One of the central debates among evangelical missiologists in the past century concerned the relationship between evangelism and social concern. In the mid- to late-twentieth century, many evangelical missiologists prioritized the former to the later, primarily in the West. In the last quarter of that century, however, prioritism gave ground to holism, especially among the Rest, who viewed evangelism and social concern as equally indispensable aspects of the Church’s mission.
In Whole and Reconciled, Al Tizon outlines a holistic missiology. Rather than rehearse the arguments for holism, however, he assumes their conclusions. What is unique to his articulation of holistic mission is the use of the concept of reconciliation to clarify what holistic mission requires. As he puts it in the Introduction, “We engage in holistic mission when we participate with God in putting the world back together in Jesus Christ: reconciliation as mission” (xii). Or as he states in the Conclusion, “This book has sought to reshape our understanding of the church’s holistic mission in the world by seeing it through the lens of biblical reconciliation” (212).
Tizon divides the book into four parts.
In Part 1, “Whole World,” he outlines “major global shifts that have massive implications for the church in mission” (3). These include globalization (6–20), post-Christendom (21–36), and postcolonialism (37–55). He severely critiques the first (i.e., capitalism) but embraces the other two.
In Part 2, “Whole Gospel,” Tizon critiques “false gospels” and “half gospels” (pp. 63–76). The former includes gospels of hate, prosperity, comfort, and empire. The latter includes the gospels of (merely) personal salvation and of (merely) social liberation, the characteristic understandings of the gospel on the Right and Left, respectively. Turning from critique to affirmation, he defines the gospel in terms of the kingdom of God. Trying together the concepts of kingdom and reconciliation, he writes: “To the extent that God reigns over existence, reconciliation between God and people, between people and people, and between God, people, and creation happens” (85).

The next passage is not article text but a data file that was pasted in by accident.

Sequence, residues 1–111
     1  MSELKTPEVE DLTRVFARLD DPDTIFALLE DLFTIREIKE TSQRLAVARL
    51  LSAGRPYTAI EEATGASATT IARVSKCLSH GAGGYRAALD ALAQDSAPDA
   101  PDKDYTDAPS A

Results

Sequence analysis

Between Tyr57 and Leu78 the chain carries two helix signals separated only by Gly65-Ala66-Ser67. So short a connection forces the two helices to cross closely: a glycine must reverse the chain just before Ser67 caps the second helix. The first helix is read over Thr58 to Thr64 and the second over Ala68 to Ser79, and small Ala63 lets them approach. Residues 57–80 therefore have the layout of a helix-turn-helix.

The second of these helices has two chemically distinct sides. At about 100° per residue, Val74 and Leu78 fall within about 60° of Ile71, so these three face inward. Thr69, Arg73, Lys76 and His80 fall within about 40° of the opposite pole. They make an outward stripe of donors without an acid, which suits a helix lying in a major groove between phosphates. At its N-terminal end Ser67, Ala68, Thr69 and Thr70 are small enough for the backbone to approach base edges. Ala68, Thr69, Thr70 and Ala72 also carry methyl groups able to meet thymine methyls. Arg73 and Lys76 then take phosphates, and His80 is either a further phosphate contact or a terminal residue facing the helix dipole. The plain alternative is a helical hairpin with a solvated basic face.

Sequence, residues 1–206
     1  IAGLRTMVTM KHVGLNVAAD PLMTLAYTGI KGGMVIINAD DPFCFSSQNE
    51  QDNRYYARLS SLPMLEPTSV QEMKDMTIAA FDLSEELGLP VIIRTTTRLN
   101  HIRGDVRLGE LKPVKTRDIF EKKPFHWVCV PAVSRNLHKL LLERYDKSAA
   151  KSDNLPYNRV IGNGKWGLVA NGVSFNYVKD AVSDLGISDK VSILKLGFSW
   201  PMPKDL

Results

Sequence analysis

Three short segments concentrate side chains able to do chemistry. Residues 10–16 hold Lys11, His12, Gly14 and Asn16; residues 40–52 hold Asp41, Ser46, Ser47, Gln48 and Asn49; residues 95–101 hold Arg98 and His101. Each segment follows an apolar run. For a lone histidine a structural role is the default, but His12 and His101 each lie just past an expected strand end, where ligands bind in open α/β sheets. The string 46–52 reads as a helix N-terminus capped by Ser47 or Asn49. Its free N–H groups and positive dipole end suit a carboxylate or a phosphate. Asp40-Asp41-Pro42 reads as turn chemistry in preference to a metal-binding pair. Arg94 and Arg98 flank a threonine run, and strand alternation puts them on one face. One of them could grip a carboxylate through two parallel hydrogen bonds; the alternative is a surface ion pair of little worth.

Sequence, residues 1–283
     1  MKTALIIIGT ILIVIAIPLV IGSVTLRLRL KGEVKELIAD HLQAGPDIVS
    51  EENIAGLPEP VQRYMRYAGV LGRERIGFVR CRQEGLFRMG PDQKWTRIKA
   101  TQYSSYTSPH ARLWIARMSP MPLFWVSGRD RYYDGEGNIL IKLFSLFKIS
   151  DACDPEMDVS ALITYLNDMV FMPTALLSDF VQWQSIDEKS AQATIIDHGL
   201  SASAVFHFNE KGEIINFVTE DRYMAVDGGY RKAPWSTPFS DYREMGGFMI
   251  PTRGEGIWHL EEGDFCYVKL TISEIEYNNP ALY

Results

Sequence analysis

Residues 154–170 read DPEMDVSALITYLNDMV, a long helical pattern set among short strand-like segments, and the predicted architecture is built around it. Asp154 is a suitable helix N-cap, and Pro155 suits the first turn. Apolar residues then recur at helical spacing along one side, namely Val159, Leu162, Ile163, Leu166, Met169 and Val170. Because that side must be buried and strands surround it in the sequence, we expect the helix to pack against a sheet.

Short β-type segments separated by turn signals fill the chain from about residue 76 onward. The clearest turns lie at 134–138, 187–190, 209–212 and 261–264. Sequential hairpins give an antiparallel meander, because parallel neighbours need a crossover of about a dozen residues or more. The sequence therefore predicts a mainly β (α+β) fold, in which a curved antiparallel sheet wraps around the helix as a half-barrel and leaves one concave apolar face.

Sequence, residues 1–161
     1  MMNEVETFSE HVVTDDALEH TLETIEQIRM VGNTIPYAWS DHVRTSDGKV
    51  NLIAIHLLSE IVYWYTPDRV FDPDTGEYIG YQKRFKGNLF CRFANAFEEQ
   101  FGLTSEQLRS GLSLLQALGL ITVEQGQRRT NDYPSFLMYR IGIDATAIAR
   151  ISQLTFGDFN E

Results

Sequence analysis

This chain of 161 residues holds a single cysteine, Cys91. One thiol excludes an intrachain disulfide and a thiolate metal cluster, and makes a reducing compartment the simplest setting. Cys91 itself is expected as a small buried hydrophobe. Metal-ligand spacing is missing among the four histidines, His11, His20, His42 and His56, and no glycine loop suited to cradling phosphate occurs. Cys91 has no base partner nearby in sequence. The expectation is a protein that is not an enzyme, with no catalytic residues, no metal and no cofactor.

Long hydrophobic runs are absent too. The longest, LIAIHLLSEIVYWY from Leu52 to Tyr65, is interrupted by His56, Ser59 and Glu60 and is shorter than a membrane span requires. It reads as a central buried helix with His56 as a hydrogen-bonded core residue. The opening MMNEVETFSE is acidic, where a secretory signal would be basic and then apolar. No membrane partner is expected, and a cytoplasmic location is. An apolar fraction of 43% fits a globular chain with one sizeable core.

In part 3, “Whole Church,” Tizon turns to the nature of the Church, believing that “the impact of the whole and reconciled gospel on the world depends on the wholeness of the bold and humble church” (96). Such a church requires “whole persons” (97–109); a diverse, reconciled, and reconciling community modeled on the relationships of the Persons of the Trinity (111–128); and “the spirituality and worship practices of the people of God” (129–144, cf. 130).
In Part 4, “Wholeness as Mission,” Tizon narrates the history of the theology and practice holistic mission (155–170). He writes about three dimensions of reconciliation (171–181). These dimensions describe “the ministries of (1) evangelism, facilitating reconciliation between God and people; (2) peacemaking, between people and people; and (3) stewardship, between God, people, and creation” (174). Finally, he asks, “What principles must be operative for genuine peace [among people] to manifest itself” (183–210, cf. 184).
While I agree with the general framework of holistic mission and am sympathetic to Tizon’s use of reconciliation as an organizing principle for it, I don’t agree with everything in the book. I struggled especially with Tizon’s critique of capitalism and embrace of a post-Christendom and postcolonial perspective in Part 1. Other readers may find different points of disagreement. Regardless, Whole and Reconciled is a worthy contribution to the theological and practice of holistic mission.
Al Tizon, Whole and Reconciled: Gospel, Church, and Mission in a Fractured World (Grand Rapids, MI: Baker Academic, 2018).
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